Dental transposition as a disorder of genetic origin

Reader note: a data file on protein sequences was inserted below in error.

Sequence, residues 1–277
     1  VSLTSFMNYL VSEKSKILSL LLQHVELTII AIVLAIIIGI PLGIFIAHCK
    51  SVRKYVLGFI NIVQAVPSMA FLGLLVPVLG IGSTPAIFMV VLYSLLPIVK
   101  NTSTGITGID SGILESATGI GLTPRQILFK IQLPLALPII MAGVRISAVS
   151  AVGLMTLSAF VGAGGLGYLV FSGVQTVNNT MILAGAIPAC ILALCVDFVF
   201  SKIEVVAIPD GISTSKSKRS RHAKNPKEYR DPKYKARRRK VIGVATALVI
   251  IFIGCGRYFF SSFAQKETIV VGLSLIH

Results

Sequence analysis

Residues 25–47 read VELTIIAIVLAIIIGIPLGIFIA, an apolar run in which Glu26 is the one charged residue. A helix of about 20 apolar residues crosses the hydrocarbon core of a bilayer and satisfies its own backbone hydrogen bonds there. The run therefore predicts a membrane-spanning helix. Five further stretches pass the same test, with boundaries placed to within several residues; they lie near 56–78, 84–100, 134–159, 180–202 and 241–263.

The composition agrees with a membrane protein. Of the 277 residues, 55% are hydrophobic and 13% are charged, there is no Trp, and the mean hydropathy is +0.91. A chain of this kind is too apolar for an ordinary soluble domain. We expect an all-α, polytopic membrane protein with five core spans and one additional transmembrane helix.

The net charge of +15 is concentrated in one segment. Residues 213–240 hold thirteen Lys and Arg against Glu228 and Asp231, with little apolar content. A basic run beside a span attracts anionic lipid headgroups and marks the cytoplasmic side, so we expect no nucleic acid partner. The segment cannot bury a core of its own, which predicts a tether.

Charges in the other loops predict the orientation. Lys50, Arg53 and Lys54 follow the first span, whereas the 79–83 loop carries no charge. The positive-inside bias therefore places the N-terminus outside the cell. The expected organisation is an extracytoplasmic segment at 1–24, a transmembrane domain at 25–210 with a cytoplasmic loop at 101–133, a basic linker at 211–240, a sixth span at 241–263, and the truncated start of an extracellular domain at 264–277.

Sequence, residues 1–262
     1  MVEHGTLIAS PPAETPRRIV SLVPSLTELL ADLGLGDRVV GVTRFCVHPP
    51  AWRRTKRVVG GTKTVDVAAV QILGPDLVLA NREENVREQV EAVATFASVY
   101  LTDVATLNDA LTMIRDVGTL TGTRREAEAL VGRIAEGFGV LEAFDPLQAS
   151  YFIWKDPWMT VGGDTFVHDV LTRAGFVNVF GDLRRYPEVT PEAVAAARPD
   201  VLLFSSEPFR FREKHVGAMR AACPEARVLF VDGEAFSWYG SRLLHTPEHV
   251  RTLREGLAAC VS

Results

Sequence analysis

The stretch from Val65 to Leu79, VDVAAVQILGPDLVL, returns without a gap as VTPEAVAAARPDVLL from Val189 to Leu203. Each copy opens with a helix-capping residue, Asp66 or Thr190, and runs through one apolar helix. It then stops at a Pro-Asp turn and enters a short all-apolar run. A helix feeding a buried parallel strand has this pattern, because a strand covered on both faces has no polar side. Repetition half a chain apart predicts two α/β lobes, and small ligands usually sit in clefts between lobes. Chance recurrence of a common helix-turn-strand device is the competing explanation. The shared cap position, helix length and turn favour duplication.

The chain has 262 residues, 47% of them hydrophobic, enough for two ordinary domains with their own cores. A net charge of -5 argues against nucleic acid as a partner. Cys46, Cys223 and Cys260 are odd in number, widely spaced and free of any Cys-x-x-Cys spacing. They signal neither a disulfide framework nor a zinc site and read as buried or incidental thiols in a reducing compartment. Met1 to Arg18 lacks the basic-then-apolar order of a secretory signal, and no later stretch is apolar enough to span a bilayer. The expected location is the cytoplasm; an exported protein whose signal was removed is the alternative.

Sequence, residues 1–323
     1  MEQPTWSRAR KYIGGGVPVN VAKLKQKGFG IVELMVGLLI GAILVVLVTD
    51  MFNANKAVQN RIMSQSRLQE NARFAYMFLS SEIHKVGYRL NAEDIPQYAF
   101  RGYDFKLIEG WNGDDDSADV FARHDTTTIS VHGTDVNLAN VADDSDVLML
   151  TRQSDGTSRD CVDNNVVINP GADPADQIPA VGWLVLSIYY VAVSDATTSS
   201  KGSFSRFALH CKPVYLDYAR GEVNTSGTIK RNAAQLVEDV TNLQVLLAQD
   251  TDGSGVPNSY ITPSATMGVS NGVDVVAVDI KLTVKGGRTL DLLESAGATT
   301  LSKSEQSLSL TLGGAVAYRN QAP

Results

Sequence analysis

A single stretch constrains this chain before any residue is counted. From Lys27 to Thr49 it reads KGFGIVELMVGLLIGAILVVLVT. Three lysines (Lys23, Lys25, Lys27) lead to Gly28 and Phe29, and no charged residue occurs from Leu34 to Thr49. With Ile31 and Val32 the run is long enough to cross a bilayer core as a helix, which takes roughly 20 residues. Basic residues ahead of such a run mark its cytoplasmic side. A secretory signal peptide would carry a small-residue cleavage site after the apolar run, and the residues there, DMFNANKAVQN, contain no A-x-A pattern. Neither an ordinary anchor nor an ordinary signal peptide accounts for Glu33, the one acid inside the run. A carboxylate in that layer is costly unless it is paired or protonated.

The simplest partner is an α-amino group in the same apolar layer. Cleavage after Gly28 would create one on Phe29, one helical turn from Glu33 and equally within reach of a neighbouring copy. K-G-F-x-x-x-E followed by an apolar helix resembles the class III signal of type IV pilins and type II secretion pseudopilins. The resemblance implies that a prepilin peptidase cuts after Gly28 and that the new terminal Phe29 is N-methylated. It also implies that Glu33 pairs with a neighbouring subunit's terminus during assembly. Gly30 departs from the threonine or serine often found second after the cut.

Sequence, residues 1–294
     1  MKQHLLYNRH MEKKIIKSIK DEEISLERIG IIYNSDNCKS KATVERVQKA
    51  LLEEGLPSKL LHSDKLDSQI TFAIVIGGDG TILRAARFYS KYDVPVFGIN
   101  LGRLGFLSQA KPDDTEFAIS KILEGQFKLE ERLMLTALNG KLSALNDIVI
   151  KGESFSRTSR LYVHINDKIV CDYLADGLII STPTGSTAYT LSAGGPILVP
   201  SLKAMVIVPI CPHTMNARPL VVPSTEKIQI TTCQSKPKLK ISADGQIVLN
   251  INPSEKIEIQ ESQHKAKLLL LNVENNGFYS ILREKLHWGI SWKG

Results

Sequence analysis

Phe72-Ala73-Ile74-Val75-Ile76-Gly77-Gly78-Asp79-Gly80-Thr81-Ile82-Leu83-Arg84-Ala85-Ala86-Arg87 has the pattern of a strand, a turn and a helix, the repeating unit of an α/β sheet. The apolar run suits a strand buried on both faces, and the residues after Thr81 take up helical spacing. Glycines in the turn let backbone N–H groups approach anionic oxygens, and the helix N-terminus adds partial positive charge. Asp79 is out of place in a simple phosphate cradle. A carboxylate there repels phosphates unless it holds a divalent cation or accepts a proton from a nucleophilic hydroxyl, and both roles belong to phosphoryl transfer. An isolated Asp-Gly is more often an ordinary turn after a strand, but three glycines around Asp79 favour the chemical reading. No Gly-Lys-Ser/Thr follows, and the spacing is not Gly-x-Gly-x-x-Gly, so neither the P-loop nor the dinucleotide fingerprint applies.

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A sample of 85 dental transpositions in 75 subjects (27 male, 48 female; mean age at diagnosis 12.25 years) involving both maxillary and mandibular arches was analysed using dental panoramic radiographs and clinical records.Transposition affected the maxillary dentition (76 per cent) more frequently than the mandibular dentition (24 per cent). Unilateral transposition accounted for 88 per cent of cases, with the maxilla being involved more commonly than the mandible. Overall, the most common transposition involved the maxillary canine and first premolar (58 per cent). Considering the jaws in isolation, the canine and first premolar were the most commonly affected teeth in the maxilla (83 per cent) whilst in the mandible, the canine and lateral incisor teeth were most commonly transposed (73 per cent). No significant difference in symmetrical distribution of the unilateral transposition sample occurred. There was evidence of associated hypodontia in 41 per cent of the sample; however, if third molars were excluded, this figure decreased to 25 per cent. Peg-shaped maxillary lateral incisors were judged to be present in 27 per cent of subjects, whilst 41 per cent had retained primary teeth; all of these, except one, were primary canines. Overall, the majority of the sample (76 per cent) demonstrated at least one of the dental anomalies under investigation.Multivariate analysis showed associations between unilateral transposition, gender, and the presence of peg-shaped maxillary lateral incisors; whilst bilateral transposition was more closely associated with gender and the presence of retained primary teeth. There was a poor association between both unilateral and bilateral transposition and hypodontia. Together, these results suggest a mutifactorial aetiology to this disorder, with both genetic and environmental factors playing an important role.

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